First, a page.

Tawilyn also posted two audio samples of the vishing attack, which use Microsoft support numbers listed in Texas and New Mexico . Both recordings say visitors are subject to a $100 fee before the vishing attack will stop.

“We are very sorry, but there seems to be some kind of technical problem with your device,” the vishing message states. “To solve this issue, we’ve detected that you need troubleshooting assistance from our Microsoft support team . You can call on (866) 576-1810 x99 to fix the error.”

The vishing scam is similar in nature to another vishing campaign reported by BleepingComputer earlier today , which claims victims must pay an immediate $200 fine or risk having their social security number blocked for life. The vishing scheme uses phone numbers listed in Texas and Washington state , according to BleepingComputer’s Lawrence Abrams .

Tech support vishing scams are extremely common, and vishing attacks often use scare tactics to convince victims into giving up personal information. A vishing attack , for example, might inform users that their system is infected with ransomware; if people call the phone number listed in the vishing message, attackers will instruct them on how to pay the ransom (and pocket victims’ money).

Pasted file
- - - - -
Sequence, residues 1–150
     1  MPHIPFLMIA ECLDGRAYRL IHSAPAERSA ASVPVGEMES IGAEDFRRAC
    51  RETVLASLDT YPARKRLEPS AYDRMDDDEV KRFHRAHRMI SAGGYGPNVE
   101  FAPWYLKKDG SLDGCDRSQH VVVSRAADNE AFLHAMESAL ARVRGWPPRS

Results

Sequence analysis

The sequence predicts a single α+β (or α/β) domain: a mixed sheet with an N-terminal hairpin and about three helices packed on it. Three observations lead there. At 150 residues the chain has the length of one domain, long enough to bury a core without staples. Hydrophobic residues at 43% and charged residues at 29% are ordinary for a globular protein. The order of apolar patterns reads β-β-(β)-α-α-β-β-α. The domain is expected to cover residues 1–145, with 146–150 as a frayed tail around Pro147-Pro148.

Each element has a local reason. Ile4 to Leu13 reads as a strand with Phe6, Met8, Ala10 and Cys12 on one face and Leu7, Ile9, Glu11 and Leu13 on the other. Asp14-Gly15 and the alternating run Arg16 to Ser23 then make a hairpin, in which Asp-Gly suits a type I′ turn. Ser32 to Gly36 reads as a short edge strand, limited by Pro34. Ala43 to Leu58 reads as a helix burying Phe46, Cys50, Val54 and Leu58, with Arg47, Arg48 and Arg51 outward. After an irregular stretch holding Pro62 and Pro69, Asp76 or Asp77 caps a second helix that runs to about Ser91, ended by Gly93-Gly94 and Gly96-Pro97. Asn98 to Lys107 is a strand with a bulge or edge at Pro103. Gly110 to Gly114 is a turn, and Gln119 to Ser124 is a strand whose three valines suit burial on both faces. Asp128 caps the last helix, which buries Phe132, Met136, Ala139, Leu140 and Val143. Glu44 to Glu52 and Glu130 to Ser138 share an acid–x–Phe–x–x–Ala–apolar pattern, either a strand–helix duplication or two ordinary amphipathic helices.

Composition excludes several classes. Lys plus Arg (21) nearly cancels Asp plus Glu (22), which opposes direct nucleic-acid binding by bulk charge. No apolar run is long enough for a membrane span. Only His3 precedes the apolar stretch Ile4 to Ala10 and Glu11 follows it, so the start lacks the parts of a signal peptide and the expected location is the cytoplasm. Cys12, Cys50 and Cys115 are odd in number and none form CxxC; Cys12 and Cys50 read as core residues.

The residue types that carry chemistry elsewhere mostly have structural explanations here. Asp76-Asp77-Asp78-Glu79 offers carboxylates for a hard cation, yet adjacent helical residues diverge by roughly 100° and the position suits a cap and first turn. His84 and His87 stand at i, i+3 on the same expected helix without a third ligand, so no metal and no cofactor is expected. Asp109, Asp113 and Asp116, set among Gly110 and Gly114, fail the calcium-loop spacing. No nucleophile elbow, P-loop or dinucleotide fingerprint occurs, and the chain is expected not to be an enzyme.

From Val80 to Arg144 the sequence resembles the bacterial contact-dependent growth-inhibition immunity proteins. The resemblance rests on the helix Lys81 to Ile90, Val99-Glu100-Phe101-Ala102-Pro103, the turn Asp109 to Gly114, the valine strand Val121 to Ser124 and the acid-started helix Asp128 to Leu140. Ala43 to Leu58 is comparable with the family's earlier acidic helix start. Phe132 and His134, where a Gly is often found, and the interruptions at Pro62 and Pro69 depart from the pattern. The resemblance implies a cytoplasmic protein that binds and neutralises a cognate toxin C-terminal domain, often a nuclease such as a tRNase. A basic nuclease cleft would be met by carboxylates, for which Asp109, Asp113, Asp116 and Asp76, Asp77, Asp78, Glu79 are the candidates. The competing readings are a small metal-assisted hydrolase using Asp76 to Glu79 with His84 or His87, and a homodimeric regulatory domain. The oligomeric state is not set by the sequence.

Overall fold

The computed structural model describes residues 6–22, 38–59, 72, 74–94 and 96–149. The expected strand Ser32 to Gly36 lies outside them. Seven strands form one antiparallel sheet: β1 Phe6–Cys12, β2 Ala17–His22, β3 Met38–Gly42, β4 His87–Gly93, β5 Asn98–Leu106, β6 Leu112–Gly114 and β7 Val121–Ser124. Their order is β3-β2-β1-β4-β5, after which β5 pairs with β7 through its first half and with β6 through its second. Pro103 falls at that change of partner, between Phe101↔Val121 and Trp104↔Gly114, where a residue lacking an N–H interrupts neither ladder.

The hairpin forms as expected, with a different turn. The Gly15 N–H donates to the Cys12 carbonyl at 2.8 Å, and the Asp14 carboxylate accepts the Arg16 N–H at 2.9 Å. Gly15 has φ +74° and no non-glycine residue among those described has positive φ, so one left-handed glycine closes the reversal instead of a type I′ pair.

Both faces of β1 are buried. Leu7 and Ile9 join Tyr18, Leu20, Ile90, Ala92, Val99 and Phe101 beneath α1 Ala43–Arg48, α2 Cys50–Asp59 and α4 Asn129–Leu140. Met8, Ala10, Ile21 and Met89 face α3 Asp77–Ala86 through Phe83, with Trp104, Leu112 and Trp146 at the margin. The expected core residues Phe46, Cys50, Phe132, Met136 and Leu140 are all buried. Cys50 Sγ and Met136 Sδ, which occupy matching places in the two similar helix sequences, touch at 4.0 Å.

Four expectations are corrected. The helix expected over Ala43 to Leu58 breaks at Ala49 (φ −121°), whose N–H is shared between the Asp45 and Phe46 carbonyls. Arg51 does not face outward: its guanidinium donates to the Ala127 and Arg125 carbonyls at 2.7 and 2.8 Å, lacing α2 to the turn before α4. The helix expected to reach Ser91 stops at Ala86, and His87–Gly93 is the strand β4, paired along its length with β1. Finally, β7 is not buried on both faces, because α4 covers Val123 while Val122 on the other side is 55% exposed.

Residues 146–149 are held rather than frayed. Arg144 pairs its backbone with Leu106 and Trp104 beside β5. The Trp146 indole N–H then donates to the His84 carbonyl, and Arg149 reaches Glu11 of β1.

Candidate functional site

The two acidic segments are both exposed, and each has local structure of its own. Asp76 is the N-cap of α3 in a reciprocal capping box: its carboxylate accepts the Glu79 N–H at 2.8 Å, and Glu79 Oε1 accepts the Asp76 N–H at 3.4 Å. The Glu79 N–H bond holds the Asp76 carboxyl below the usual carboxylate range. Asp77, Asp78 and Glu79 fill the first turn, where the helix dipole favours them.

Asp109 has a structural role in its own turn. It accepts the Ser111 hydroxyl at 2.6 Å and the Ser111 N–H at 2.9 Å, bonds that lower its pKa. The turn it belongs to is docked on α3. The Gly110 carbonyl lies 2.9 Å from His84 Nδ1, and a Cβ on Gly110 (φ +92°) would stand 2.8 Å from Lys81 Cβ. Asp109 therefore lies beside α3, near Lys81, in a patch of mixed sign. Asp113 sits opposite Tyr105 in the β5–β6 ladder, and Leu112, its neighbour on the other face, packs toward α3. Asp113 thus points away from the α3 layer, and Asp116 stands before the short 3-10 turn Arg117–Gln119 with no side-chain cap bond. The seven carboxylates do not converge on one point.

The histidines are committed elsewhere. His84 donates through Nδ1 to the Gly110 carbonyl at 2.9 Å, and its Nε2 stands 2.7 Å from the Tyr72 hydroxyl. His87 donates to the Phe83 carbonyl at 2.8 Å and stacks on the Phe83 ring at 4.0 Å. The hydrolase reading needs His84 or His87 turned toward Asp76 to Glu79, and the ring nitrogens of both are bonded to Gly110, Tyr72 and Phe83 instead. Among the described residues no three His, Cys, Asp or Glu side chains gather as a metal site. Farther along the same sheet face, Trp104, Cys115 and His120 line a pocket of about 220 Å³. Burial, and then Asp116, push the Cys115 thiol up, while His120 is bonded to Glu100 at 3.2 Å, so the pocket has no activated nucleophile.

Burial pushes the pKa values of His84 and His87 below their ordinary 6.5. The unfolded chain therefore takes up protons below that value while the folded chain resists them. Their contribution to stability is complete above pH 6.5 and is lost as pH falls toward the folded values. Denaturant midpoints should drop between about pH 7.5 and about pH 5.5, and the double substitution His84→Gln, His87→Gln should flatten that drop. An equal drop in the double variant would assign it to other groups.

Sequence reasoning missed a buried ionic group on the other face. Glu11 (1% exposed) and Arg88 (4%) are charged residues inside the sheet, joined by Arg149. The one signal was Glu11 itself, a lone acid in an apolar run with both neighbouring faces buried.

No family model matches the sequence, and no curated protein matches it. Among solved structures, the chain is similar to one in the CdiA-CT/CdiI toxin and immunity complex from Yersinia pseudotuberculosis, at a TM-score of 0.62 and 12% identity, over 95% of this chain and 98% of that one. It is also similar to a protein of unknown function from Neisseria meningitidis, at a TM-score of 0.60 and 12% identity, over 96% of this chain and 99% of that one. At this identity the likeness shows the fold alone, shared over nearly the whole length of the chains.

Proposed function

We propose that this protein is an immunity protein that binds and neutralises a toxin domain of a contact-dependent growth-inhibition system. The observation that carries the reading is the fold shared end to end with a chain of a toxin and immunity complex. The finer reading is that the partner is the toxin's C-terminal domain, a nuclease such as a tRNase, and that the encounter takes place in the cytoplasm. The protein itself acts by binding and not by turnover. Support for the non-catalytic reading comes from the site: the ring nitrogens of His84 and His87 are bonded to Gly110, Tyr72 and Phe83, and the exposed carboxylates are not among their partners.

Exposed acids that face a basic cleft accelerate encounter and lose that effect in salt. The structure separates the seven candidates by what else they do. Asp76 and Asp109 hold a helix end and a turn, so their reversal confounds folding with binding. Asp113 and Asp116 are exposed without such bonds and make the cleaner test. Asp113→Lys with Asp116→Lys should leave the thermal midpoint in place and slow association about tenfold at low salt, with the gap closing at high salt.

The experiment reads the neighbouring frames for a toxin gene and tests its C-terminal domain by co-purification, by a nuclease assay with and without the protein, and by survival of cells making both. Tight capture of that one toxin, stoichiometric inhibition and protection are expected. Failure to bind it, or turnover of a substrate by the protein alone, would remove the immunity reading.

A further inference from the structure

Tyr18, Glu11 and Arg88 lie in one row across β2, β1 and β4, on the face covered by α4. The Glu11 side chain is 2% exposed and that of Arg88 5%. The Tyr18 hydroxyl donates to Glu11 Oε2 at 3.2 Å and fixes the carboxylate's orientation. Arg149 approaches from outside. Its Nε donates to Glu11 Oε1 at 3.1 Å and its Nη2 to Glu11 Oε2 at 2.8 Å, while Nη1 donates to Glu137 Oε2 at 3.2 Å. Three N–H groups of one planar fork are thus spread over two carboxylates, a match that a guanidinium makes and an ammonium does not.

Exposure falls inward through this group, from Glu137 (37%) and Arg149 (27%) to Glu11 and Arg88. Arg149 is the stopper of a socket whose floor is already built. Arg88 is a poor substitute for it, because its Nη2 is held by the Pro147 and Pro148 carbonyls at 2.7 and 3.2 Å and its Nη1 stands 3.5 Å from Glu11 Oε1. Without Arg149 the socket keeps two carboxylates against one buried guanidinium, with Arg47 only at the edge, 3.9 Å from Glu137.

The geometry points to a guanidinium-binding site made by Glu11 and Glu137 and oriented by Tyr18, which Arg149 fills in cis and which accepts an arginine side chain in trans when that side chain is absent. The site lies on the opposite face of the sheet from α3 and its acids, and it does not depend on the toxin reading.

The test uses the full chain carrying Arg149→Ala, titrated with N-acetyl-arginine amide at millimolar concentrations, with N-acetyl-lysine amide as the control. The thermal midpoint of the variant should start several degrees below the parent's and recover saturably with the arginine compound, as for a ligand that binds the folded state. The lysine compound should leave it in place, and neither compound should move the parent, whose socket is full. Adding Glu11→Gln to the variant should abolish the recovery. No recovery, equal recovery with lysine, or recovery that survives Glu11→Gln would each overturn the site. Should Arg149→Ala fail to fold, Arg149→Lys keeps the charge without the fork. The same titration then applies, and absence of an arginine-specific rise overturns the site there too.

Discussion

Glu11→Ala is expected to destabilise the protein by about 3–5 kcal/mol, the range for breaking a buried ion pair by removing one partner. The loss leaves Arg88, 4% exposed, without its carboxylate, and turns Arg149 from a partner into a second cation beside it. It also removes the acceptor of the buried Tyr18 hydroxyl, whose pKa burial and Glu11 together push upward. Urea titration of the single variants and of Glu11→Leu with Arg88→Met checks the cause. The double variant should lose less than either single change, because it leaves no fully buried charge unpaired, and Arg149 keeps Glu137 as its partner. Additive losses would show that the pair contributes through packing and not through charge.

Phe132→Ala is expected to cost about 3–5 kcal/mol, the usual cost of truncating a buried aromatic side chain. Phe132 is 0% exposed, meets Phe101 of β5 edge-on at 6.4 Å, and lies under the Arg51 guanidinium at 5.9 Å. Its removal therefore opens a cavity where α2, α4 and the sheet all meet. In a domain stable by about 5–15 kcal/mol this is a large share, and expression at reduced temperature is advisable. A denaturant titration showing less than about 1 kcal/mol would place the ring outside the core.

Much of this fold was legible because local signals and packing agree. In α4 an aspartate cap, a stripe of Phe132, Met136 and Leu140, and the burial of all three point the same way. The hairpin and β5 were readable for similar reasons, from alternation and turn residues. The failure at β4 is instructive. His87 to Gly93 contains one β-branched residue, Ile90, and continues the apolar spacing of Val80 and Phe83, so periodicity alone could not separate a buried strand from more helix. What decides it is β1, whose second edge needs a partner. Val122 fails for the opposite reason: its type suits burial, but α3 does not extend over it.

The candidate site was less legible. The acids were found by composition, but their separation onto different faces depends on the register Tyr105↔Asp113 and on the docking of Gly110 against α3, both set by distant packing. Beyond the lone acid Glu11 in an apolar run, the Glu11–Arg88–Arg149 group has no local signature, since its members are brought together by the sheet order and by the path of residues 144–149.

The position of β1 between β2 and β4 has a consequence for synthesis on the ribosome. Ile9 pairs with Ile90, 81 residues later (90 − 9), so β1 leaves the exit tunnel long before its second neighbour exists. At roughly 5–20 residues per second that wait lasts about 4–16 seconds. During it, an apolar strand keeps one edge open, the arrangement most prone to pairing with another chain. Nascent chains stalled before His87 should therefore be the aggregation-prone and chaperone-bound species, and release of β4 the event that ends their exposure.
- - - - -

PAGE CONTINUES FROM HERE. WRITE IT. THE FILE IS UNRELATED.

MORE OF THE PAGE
Another vishing scam that made headlines last week told Chrome users their browsers were infected with malware and asked people to call a Google-listed phone number to receive assistance. Once called, however, criminals locked devices down so they could demand a ransom in return for a decryption key.

Technology news site BleepingComputer has published several vishing awareness guides over the past year. If you need help with cybersecurity contact MicroPac today to schedule a consultation.



Cyberattacks are on the rise. For some time, the U.S Cybersecurity and Infrastructure Security Agency (CISA) has been warning about the risks in using a VPN for personal cybersecurity purposes; they’ve now released guidance on how best to harden your virtual private network solutions so you can stay safe online!